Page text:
• Mix A – included 20 mg of artificial food colorings (5 mg sunset yellow [E110], 2⋅5 mg carmoisinetartrazine [E102], and 5 mg ponceau 4R [E124, and 45 mg of sodium benzoate [E211]. (These were the same ingredients used in the previous study). [E122], 7⋅5 mg
  • Mix B was designed to be what the average 3 year-old and 8-9 year old may be consuming today, and included 30 mg of artificial food colorings (7⋅5 mg sunset yellow, 7⋅5 mg carmoisine, 7⋅5 mg quinoline yellow [E110], and 7⋅5 mg allura red AC [E129]) and 45 mg of sodium benzoate.

The children’s behaviors were measured by a “global hyperactivity aggregate” (GHA) that is based on teachers’ and parents’ ratings. The older children also received a computerized test for attention.

The main findings were that:

  • Mix A had a significant adverse effect on children in GHA for all the 3 year-olds, compared to the placebo.
  • Mix B produced mixed results for 3 year-olds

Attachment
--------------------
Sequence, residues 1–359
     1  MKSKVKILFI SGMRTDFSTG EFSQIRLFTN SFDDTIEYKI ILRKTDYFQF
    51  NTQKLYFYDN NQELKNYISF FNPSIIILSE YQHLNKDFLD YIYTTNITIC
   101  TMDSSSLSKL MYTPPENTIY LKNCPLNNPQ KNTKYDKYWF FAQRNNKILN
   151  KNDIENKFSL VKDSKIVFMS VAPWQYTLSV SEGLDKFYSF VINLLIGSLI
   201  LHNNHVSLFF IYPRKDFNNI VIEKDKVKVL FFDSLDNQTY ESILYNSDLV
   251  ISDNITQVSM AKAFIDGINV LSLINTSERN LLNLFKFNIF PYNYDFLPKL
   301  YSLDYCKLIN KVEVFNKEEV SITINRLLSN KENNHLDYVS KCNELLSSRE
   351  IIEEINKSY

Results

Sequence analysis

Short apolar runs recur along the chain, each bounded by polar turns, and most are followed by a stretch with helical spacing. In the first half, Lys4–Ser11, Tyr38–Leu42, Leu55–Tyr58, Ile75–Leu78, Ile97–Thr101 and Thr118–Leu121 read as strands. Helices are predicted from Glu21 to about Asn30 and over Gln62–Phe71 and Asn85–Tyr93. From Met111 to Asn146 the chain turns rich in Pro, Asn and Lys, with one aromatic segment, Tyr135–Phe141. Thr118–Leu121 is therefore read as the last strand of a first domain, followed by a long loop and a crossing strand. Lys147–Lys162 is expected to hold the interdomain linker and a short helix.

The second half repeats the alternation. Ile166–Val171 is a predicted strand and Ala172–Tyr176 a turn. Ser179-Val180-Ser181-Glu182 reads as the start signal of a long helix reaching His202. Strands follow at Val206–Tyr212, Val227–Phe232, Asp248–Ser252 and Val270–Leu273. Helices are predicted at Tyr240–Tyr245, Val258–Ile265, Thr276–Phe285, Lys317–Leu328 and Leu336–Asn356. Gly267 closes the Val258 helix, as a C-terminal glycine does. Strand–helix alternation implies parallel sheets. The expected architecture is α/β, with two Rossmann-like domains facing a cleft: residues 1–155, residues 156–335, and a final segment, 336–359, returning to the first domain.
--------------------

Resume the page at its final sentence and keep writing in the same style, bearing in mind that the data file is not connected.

• Both Mix A and Mix B had significant adverse effects on the 8-9 year olds, compared to the 8-9 year-olds on the placebo
  • Children vary greatly in their levels of adverse effects from consuming AFCA

So this new research indicates that foods containing AFCAs may fuel hyperactive behaviors in children from early to middle childhood. An important point is that AFCAs may impact any child: the effect is not restricted to children who are already hyperactive or have attention-deficit/hyperactivity disorder (ADHD). The problem with hyperactivity is not so much the challenge of living with an overly energetic child, but rather the impact of hyperactivity on development and education, particularly on reading skills. The hyperactive child may not get the full benefit of a conventional education.

The researchers do not yet know whether their findings apply to older children. But they raise the question whether complete withdrawal of AFCAs from the food supply might decreases the overall rate of hyperactivity in the population.